Sunday, September 21, 2014
Beware: Impostors Abound
For many deceivers have gone out into the world, those who do not acknowledge Jesus Christ as coming in the flesh. This is the deceiver and the antichrist. Watch yourselves, that you do not lose what we have accomplished, but that you may receive a full reward. Anyone who goes too far and does not abide in the teaching of Christ, does not have God; the one who abides in the teaching, he has both the Father and the Son. [NASB, 2 Jn. 7-9]
The writings of second and third John are perfect examples of first-century letters. There is an opening, a body, and a close. They were both very likely written in the early 90s from somewhere in Asia Minor, probably Ephesus. Second John may have been written to the elect lady the Church as a result of a delegation of leaders that had been sent by John to the Church. There seems to be a link between John’s concerns in 1 John and his concerns in 2 John. We think it is highly possible that 2 John is a follow up to the problem of the secessionists mentioned in 1 John 2:19. This group was led by false teachers to leave the Christian community over what appears to be a heretical Christology. It seems likely that John sent a delegation over to the Church to check on her and to provide support and encouragement over the issue. It seems that second John could very well have been John’s response to the report he received as a result of the delegation’s findings.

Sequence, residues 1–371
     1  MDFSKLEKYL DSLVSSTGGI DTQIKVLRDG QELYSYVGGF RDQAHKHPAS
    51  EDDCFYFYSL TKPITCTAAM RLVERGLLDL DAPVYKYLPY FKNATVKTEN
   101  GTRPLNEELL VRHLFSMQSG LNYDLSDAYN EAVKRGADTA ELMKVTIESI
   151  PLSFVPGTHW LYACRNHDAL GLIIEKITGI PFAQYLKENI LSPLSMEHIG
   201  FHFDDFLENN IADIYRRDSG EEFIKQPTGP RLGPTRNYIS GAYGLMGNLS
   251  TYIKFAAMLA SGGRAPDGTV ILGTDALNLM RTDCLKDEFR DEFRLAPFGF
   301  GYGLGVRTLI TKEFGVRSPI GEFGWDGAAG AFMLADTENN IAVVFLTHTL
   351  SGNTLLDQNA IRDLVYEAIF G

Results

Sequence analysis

Building off what he had just previously said regarding love and walking in the divine commandment, John further alienates the secessionists of 1 John 2:19. He says, “For many deceivers have gone out into the world.” The impostors seem to be a clear reference back to those of 1 John 2:19 where he said that they went out from us because they were never really of us. The clause has a causal relationship with what precedes. In other words, the previous clause coupled with this one may read something like “walk in love in view of the fact that many impostors have gone out into the world.” John also helps us understand what his concept of love is: it is keeping the commandment. This helps us resist the all-too-common tendency to anachronistically read modern notions of love into the text. Who are these impostors? How do we identify them as impostors?
If we read the next clause we realize that John is using characterization in order to specify who he means: those who do not acknowledge that Jesus Christ as coming in the flesh. In other words, the sect that has abandoned the Church held to a view of the person of Christ that was out of accord with apostolic teaching. It is believed by many that pagan philosophy had been mixed with apostolic teaching to produce a different kind of Jesus. Some of these influences can be traced back to the ancient teachings of Plato and others. It seems possible that an unbiblical dualism had infested certain areas of the Church and this influence led to beliefs about the humanity of Christ that were clearly beyond the teachings of the apostles. In addition to identifying the individuals, John does not hesitate to alienate this group by referring to them as: this is the deceiver and the antichrist. First the warning is issued. Second, the group related to the warning is identified. Finally, the group is marked with the most serious of marks: impostor and antichrist. Hence, we know that any teacher denying the full humanity of Christ is an impostor and an antichrist and outside the Christian community, within the sphere of the world, the sphere of Satan.